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“Please don’t give me good guy card!”— Celebration of Bachelor’s Day in modern China


Talking about celebrations and holidays, you guys have probably already heard of traditional holidays such as the Chinese New Year, the Dragon Boast Festival, the Mid-Autumn Festival….etc. Since I’m the Ning and I’m pretty sure there have been many Chinese students writing about those traditional ones, I want to write something that perhaps not many foreigners have heard of. It is a modern holiday with increasing popularity among the younger generation —- the Bachelor’s Day.

As the name sounds, Bachelor’s Day, or Single’s Day is a holiday for single men and women, which takes place in 11th of November. Despite the popularity, no one knows for sure where or when it originally started. There are several versions of the origin for the holiday, but the most widely believed one is that 4 young single seniors from the same dorm in Nanjing University started a weekly discussion of why they couldn’t find a girlfriend on November 11th 1993. As the date is written as 11/11 in numbers, it consists of 4 “ones” indicating the four bachelors in the dorm. It was originally a holiday celebrated by small amount of male students in Nanjing University and eventually grew into a national holiday celebrated by both genders.
The typical celebration of Bachelor’s day consists of eating Bachelor Breakfast, One-Day-Couple play, The “Holy War” (Handing “Good Guy Cards” and protesting against couples on the street), and online shopping.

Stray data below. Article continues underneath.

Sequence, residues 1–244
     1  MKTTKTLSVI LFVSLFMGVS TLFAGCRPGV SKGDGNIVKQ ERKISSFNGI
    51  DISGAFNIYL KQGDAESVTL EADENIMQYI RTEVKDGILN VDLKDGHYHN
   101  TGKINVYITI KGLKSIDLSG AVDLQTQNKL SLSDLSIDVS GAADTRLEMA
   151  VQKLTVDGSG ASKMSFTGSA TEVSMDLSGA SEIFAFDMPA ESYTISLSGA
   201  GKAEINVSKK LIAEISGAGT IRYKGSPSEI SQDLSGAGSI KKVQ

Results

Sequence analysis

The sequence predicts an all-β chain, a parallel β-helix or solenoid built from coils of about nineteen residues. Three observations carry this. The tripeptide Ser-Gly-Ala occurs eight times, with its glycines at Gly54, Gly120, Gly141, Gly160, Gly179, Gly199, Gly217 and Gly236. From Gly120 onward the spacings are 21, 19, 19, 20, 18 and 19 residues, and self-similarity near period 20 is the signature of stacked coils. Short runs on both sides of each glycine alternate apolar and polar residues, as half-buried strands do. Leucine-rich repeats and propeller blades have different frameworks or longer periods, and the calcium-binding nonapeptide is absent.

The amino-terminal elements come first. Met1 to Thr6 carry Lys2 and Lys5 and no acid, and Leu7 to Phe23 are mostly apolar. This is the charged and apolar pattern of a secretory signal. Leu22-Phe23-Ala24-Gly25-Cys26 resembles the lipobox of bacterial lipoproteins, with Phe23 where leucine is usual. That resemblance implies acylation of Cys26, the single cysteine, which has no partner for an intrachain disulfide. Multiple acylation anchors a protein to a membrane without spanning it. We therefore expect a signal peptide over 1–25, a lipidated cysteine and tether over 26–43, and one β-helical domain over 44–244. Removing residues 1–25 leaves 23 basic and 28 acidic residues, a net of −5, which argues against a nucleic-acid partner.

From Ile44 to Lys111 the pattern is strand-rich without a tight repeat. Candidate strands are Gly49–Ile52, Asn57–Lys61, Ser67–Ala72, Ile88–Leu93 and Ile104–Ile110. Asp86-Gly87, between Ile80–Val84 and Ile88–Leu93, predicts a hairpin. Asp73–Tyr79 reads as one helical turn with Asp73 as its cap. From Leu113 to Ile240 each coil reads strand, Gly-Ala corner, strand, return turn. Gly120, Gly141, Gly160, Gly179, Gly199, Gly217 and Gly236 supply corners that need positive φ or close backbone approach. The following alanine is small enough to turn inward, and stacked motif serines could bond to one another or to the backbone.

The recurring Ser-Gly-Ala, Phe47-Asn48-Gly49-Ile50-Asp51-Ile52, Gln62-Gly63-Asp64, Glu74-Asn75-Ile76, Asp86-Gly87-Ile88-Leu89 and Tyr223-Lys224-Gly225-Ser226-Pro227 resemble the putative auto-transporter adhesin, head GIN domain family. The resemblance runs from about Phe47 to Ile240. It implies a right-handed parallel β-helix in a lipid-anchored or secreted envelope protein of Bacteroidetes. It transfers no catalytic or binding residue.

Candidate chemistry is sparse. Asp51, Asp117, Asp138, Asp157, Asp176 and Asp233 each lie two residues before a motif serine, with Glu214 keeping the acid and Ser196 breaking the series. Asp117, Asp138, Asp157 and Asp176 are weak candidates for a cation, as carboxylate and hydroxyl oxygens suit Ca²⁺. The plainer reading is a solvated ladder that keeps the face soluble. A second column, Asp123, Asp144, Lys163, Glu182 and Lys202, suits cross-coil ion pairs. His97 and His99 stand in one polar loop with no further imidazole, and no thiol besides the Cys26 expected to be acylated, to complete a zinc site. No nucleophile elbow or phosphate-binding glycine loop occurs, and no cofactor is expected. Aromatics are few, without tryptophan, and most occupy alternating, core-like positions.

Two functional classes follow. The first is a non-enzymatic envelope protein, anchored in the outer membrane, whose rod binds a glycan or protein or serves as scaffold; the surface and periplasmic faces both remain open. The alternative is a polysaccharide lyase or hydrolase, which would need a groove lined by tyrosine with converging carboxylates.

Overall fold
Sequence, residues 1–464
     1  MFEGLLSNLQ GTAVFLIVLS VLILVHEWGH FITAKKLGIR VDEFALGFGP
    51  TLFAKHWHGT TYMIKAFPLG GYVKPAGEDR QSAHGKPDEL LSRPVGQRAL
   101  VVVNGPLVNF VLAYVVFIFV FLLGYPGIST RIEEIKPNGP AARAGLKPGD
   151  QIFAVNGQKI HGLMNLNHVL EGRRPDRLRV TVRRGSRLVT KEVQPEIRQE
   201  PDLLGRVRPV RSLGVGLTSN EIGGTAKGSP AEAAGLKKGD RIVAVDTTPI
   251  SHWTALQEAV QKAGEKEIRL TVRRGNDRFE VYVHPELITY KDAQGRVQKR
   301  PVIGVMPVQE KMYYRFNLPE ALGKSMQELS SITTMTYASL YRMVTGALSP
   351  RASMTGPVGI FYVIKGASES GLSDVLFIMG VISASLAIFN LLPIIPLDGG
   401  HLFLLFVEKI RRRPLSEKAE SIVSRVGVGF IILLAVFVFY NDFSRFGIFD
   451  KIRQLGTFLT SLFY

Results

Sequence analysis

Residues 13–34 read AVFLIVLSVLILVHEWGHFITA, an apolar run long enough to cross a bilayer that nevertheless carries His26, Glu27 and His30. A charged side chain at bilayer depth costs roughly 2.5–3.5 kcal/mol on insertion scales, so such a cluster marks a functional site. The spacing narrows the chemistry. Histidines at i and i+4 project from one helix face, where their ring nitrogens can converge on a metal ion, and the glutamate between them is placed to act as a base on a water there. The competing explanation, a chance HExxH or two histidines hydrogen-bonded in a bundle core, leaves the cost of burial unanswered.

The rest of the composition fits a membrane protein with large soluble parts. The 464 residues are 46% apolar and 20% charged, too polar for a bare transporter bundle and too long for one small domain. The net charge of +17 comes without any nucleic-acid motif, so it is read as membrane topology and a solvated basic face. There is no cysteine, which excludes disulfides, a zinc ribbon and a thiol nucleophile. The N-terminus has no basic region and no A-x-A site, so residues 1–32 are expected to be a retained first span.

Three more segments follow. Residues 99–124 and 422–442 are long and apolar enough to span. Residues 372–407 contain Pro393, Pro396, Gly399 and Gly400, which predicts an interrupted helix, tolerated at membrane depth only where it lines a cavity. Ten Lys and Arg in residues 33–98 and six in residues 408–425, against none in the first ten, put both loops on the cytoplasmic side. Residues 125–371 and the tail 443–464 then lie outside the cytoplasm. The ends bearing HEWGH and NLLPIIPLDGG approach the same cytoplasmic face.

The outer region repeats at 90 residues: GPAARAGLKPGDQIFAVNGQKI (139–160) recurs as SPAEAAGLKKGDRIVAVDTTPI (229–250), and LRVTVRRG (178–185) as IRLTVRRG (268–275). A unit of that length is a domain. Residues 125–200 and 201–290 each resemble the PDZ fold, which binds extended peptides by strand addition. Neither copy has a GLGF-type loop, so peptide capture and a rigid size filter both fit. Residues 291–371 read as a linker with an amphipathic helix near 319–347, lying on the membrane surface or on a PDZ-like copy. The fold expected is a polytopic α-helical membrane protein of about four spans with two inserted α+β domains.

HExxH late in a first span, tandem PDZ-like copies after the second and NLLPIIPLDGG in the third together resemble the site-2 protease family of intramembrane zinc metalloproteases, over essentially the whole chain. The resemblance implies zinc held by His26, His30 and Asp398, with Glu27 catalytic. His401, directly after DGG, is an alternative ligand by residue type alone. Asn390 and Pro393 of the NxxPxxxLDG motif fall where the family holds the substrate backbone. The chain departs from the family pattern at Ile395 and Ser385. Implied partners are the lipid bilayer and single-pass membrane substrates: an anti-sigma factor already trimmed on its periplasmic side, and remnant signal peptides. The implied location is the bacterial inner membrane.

The Bachelor Breakfast include four Youtiao (deep-fried dough sticks) representing the four “ones” in “11.11” and one Baozi (steamed stuffed bun) representing the middle dot. This is one of the older traditions, which is less practiced today. On Bachelor’s Day, it’s more about the conflicts between couples and singles and the business.
There’s a saying in Chinese: “Any holiday is Valentine’s Day for the couples”. The couples simply celebrate Bachelor’s Day as another Valentine’s Day, where you have to book long ahead of time just to get a hotel room. It’s would be wise to invest on hotel chain stocks before and sell it on Bachelor’s Day.
As many Chinese men are relatively shy compared to men of other nationalities, the Bachelor’s Day is also a perfect occasion for them to express their love for their secret crush. Since almost anything can be settled as just a joke for Bachelor’s Day, it’s the perfect occasion for shy men to try to ask their crushes out. There’s a typical way of asking someone or trying to find anyone for dating called One-Day-Couple play, which is an agreement between two young adults, either acquaintances or complete strangers to pretend and act like a couple for a day. This usually happens between two single young adults who are already attracted to each other but too shy to ask the other out or just two people looking for one-night-stands. I’ve never participated in this activity, but as far as I know, there’s a high possibility that people participating in this kind of activity will end up as couples in the end.